# Confidence interval for Bagging method in R

Here is the code which implements bagging that I copied from net (http://www.r-bloggers.com/improve-predictive-performance-in-r-with-bagging/) :

set.seed(10)
y<-c(1:1000)
x1<-c(1:1000)*runif(1000,min=0,max=2)
x2<-c(1:1000)*runif(1000,min=0,max=2)
x3<-c(1:1000)*runif(1000,min=0,max=2)


As you can see, y is a sequence of the values from 1 to 1000. x1, x2, and x3 are permutations of y, but with random errors added. runif generates a specified number of random numbers from 0 to 1, unless a min and max are specified, in which case the numbers fall between those values. Each of the x sequences will roughly approximate y, but with random errors thrown in. The set.seed function is simply to ensure that the subsequent random number generation proceeds in a predictable fashion, so that your results match mine.

Fitting a linear model to the variables results in an R squared of .7042:

lm_fit<-lm(y~x1+x2+x3)
summary(lm_fit)


Now we will see how well the x values predict y. First, we designate a random sample of y to be our “test” set. The rest will be the training set.

set.seed(10)
all_data<-data.frame(y,x1,x2,x3)
positions <- sample(nrow(all_data),size=floor((nrow(all_data)/4)*3))
training<- all_data[positions,]
testing<- all_data[-positions,]


The above code places all of our variables into a data frame, then randomly selects 3/4 of the data to be the training set, and places the rest into the testing set.

We are now able to generate predictions for the testing set by creating a linear model on the training set and applying it to the testing set. We are also able to calculate the prediction error by subtracting the actual values from the predicted values (the error calculation here is root mean squared error):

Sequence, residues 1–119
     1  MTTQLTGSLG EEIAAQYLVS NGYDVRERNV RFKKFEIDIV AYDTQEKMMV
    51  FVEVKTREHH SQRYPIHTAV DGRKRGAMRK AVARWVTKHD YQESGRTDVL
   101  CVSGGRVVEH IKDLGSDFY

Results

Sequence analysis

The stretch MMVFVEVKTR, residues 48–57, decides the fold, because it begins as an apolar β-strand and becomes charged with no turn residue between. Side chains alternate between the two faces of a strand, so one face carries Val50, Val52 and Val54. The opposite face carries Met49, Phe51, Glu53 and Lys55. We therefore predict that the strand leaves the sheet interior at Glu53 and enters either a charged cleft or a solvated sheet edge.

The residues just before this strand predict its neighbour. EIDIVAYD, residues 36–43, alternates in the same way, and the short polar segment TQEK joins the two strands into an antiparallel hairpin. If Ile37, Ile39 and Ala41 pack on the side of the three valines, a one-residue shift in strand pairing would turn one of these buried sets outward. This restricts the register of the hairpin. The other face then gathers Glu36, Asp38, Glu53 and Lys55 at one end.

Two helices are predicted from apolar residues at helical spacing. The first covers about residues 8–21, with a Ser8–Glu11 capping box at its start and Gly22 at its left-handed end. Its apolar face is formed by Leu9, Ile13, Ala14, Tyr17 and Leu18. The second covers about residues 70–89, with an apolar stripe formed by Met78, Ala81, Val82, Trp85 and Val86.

lm_fit<-lm(y~x1+x2+x3,data=training)
predictions<-predict(lm_fit,newdata=testing)
error<-sqrt((sum((testing$y-predictions)^2))/nrow(testing))  The calculated error should be 161.15. The next step is to run a function that implements bagging. In order to do this, I will be using the foreach package. Although I will not use it in parallel mode, this code is designed for parallel execution, and I highly recommend reading my post about how to do it if you do not know how. library(foreach) length_divisor<-4 iterations<-1000 predictions<-foreach(m=1:iterations,.combine=cbind) %do% { training_positions <- sample(nrow(training), size=floor((nrow(training)/length_divisor))) train_pos<-1:nrow(training) %in% training_positions lm_fit<-lm(y~x1+x2+x3,data=training[train_pos,]) predict(lm_fit,newdata=testing) } predictions<-rowMeans(predictions) error<-sqrt((sum((testing$y-predictions)^2))/nrow(testing))


The above code randomly samples 1/4 of the training set in each iteration, and generates predictions for the testing set based the sample. It will execute the number of time specified by iterations. When iterations was set to 10, I received an error value of 161.10. At 300 iterations, error went to 161.12, at 500 iterations, error went to 161.19, at 1000 iterations, error went to 161.13, and at 5000 iterations, error went to 161.07. Eventually, bagging will converge, and more iterations will not help any further. However, the potential for improvement in results exists. You should be extremely cautious and assess the stability of the results before deploying this approach, however, as too few iterations or too large a length divisor can cause extremely unstable results. This example is trivial, but this can lead to better results in a more “real-world” application.

1) How to rank in sequence Training and Testing in a column ?

2) How can I have 95% Confidence interval for each predicted value ?